The Supreme Court’s Central Empowered Committee on Thursday told the Assam government to remove illegal constructions on eight of the nine wildlife corridors in Kaziranga National Park and Tiger Reserve, The Hindu reported.

Central Empowered Committee Member-Secretary Amarnatha Shetty told the state chief secretary to take action on the illegal constructions within four weeks and submit a report to the panel.

The committee’s order followed a report by the Union environment ministry that had taken note of several new structures on the corridors, set up in violation of a Supreme Court order passed in April 2019.

The court had banned new construction on the lands that are a part of the nine wildlife corridors of the reserve that is considered a safe area for the one-horned rhinos, The Hindu reported. The court had also requested authorities to stop mining on the corridors.

In August, Deputy Inspector-General of Forest (Central) Laetita J Syiemiong, representing the environment ministry, surveyed the construction on the corridors based on a complaint by Rohit Choudhury, an activist from Assam.

In her report, Syiemiong had mentioned that a temple, shops, hotels, restaurants, tea estates and even a government building were built on the eight corridors. Other constructions include a wedding hall, a resort, and a house owned by a local minister. The majority of the constructions were found in Haldibari and Kanchanjuris corridors.

“Apart from illegal construction, the greatest eyesore and also a threat to the animals of Kaziranga National Park is the presence of trucks, etc,” the report said, according to The Hindu. “In the recent past it has been observed that trucks, tankers and other vehicles are stopping to park in roadsides...and creating unnecessary hindrance to wild animal movement.”

Syiemiong also found that the water bodies were being polluted with oil, grease, and wash water as vehicle operators have been cleaning their vehicles in the national park. In the report, dumping of garbage and noise pollution were also said to be “deteriorating the environment” of the park.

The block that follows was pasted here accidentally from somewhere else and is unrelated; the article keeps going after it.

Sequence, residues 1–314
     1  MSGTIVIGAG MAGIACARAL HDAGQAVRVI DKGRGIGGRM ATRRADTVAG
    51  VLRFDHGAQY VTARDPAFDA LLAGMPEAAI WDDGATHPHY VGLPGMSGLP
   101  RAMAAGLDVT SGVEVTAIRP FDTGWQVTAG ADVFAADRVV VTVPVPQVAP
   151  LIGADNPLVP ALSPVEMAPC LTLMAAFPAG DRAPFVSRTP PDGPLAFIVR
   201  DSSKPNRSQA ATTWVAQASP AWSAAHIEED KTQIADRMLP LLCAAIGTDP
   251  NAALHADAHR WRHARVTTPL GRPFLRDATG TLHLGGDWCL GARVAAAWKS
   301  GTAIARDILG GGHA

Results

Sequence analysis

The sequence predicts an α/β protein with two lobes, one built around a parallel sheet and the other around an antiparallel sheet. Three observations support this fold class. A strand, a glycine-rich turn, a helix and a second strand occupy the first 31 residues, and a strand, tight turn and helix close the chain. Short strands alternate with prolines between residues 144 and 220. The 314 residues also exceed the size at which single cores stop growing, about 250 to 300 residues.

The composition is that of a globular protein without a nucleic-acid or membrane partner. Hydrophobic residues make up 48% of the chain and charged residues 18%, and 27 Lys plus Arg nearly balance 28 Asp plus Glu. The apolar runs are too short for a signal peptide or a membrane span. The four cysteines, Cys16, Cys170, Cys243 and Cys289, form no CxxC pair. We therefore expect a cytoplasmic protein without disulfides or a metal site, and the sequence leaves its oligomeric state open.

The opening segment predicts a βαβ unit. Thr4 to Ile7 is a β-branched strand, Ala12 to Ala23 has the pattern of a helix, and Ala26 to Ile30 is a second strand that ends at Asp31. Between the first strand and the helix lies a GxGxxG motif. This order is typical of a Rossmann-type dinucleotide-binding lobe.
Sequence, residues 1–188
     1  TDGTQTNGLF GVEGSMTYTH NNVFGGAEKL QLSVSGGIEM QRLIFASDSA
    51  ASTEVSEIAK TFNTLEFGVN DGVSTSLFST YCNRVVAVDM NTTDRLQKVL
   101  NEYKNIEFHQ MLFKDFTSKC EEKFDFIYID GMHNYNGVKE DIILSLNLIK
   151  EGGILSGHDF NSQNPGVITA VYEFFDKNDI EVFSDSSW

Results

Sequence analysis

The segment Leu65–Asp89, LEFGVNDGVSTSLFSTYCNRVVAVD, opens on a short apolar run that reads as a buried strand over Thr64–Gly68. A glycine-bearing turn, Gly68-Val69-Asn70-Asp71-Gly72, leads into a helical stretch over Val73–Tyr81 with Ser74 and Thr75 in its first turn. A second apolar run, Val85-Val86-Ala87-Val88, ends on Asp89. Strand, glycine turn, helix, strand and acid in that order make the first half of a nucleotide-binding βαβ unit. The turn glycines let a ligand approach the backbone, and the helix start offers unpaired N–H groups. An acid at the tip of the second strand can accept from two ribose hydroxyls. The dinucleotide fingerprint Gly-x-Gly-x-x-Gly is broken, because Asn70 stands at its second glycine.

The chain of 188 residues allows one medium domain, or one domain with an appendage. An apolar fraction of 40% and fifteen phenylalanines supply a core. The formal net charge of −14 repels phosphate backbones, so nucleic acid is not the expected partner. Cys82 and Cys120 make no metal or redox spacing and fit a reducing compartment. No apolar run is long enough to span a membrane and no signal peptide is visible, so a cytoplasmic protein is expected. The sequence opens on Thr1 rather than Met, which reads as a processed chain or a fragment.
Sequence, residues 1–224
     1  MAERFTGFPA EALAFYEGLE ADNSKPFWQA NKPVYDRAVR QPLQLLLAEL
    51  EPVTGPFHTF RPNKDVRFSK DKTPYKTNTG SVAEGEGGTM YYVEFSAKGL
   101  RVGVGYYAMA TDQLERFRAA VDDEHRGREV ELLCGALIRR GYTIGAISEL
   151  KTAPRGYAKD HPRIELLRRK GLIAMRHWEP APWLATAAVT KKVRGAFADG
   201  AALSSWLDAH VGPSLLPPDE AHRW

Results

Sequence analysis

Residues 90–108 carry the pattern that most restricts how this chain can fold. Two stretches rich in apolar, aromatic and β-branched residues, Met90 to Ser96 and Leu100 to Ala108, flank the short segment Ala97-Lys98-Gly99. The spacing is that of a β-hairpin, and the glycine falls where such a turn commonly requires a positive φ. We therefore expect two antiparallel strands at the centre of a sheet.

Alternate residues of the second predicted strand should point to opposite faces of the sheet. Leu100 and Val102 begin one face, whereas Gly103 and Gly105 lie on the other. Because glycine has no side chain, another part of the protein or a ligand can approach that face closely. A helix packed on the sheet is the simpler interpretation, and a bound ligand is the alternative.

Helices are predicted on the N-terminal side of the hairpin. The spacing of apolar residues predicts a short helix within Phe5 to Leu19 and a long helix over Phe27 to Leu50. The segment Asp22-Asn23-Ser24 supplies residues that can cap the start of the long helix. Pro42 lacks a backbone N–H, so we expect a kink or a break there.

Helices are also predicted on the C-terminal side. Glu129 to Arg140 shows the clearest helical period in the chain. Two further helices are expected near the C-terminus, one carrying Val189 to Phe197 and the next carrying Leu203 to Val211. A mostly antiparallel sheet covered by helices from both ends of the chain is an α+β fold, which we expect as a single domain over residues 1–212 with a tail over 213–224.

The report also said that there was a lack of coordination between the district administration, forest department, and the police, the Hindustan Times reported. It added that no action was taken to eliminate the illegal constructions on the corridors.

The report added that the Assam government had not yet notified the delineation of the nine animal corridors spread over 44,205 km. It also suggested the demolition of illegal constructions in the animal corridors.

However, Principal Chief Conservator of Forest (Wildlife) Amit Sahai said the forest department could not remove the illegal structures as the animal corridors are considered land from which revenue is generated.

“It is the duty of the district administrations to do that [remove illegal constructions],” he said. “We have asked the government to constitute a committee, comprising district administration as well as the forest department, so that this issue can be resolved.”